pointed shield, charged with three water-bougets. He has on his left side a long sword, and the armor of his legs, which are crossed, has a ridge or seam up the front,
continued over the knee, and forming a kind of garter below the knee. At his feet is a lion, and the whole figure measures six feet two inches." See, also, Strothard's
"Monumental Effigies."

Robert De Ros married Isabel, a natural daughter of William the Lion, King of Scotland, and had by her:

William De Ros, lord of Hamlake Castle, d. 1258. Issue.
Robert De Ros, Lord of Werke Caslt, Issue.
Arms--Gules: Three Water Bougets, argent.
Posted by Wanda at 6:58 PM"

My Medieval Genealogy: Robert De Ros Knight Templar:
Wanda  Thursday, November 5, 2009
http://mymedievalgenealogy.blogspot.com/2009/11/robert-de-ros-knight-templar.html
Wednesday, January 05, 2011
"ROACH, or  ROCHE, a parish, in the barony of UPPER DUNDALK,
county of LOUTH, and province of LEINSTER, 4 miles (W.) from
Dundalk, near the road to Crossmaglen; containing 1426 inhabitants.
Roche castle is supposed to have been originally erected in the reign
of Hen. II. by the family of De Verdun, who were among the earliest of
the English settlers in this part of Ireland. In the parliamentary war it
was held for the king, but in 1649 it was taken and partly demolished
by the forces of Cromwell. The castle is situated on a rock, to the
shape of which the buildings were conformed so as to include its
entire summit; the area enclosed by the ramparts is of an irregular
semicircular form, and the front, which forms the chord of the segment,
is 85 feet in length; at the opposite extremity are the ruins of a keep
with a sallyport and circular towers, apparently the oldest portion of. the
buildings. An extensive view of the surrounding country is obtained
from the castle, which in itself forms one of the most striking features
in the neighbourhood. The parish comprises, according to the
Ordnance survey, 3305¼ statute acres of tolerably good land, mostly in
tillage; it is bounded on the south by the river Creggan, or Castletown,
and contains Roach, the former residence of Mr. Reilly; and
Shortstones, the neat residence of Robt. Bailie, Esq. It is a curacy, in
the diocese of Armagh, forming part of the union of Baronstown: the
rectory is impropriate in John Pratt, Esq., to whom the tithes,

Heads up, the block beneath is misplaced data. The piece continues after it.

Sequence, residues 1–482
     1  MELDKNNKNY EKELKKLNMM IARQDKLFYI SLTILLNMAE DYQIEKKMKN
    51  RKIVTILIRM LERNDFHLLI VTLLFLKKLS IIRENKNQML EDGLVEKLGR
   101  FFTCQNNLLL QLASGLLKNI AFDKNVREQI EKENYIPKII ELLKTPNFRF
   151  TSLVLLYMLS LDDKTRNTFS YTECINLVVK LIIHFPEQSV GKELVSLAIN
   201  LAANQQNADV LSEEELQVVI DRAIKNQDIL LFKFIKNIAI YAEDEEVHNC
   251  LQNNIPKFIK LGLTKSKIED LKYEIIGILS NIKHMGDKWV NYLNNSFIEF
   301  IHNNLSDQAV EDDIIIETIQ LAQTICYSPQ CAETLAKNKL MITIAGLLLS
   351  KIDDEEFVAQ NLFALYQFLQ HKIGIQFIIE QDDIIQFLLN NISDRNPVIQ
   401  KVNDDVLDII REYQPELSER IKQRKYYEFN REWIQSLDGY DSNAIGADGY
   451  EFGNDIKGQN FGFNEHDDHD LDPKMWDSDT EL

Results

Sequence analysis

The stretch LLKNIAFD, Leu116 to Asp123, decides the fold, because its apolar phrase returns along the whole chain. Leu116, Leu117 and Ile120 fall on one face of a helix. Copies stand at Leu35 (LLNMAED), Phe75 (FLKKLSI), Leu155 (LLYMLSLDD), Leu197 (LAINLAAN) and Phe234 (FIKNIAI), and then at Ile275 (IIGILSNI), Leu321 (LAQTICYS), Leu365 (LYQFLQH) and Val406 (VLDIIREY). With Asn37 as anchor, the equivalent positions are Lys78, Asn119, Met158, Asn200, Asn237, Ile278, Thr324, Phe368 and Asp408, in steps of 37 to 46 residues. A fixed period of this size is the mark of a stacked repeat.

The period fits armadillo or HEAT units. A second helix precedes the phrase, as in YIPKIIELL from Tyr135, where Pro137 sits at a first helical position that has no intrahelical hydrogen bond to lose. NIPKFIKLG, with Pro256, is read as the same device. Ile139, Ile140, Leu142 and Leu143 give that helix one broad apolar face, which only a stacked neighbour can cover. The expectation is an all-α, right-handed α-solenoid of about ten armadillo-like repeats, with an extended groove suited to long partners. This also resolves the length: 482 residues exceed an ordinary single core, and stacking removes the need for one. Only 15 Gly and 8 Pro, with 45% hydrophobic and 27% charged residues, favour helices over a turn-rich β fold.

amounting to £248. 11. 10., are entirely payable. In the R.C. divisions it
forms part of the union or district of Dundalk".

Lewis Parsonstown - Tullyallen:Monday, November 23, 2009
http://www.jbhall.freeservers.com/lewis_parsonstown_to_tullyallen.htm#ROACH
COUNTY LOUTH  IRELAND GENEALOGICAL SOURCE
Saturday, December 12, 2009
Renfrew town hall
File:Renfrew town hall.jpg - Wikipedia, the free encyclopedia:
Chris Upson 2009-09-30
12:37, 25 March 2009 - Breadandcheese
http://en.wikipedia.org/wiki/File:Renfrew_town_hall.jpg
Saturday, December 12, 2009
Helmsley Castle
File:Helmsley Castle3.jpg - Wikipedia, the free encyclopedia:
06:12, 3 March 2006  Asta
http://en.wikipedia.org/wiki/File:Helmsley_Castle3.jpg
Saturday, December 12, 2009
Wark Castle
Wark: Wark Castle in 14th and 15th Centuries:
Monday, April 18, 2005
http://www.pastperfect.org.uk/sites/wark/images/14_15c.html
copyright of the Bibliothèque nationale de France, Paris
Countess of Salisbury leaving Wark Castle in 1341, taken from the Chronicles of the historian Jean Froissart
Wednesday, January 05, 2011
Helmsley Castle walled garden. The castle dates from the 1180s built
on the site of an earlier stronghold. The buildings to the right are
residential apartments added in the 1500s.
Helmsley Castle - Wikipedia, the free encyclopedia:
Graham Hale 22 August, 2010
({{Information |Description={{en|1=Helmsley Castle walled garden. The castle dates from the 1180s built on the site of an earlier stronghold. The
buildings to the right are residential apartments added in the 1500s.}} |Source=Geograph.org at http://www.g)
10:40, 19 November 2010  Lumos3
http://en.wikipedia.org/wiki/Helmsley_Castle
Wednesday, January 05, 2011
Helmsley Castle - Wikipedia, the free encyclopedia:
({{Information |Description =Helmsley Castle |Source =[http://flickr.com/photos/xerones/ Michael Wilson] |Date
=January 10, 2006 |Author =Michael Wilson |Permission =CCBY |other_versions = ''none'' |}})
11:42, 5 April 2007 FlickreviewR
http://en.wikipedia.org/wiki/Helmsley_Castle
Wednesday, January 05, 2011
Helmsley Castle, slighted keep
This is a work in progress.
All information is speculative.
SALSBIZ.COM 2011
Ross line - 2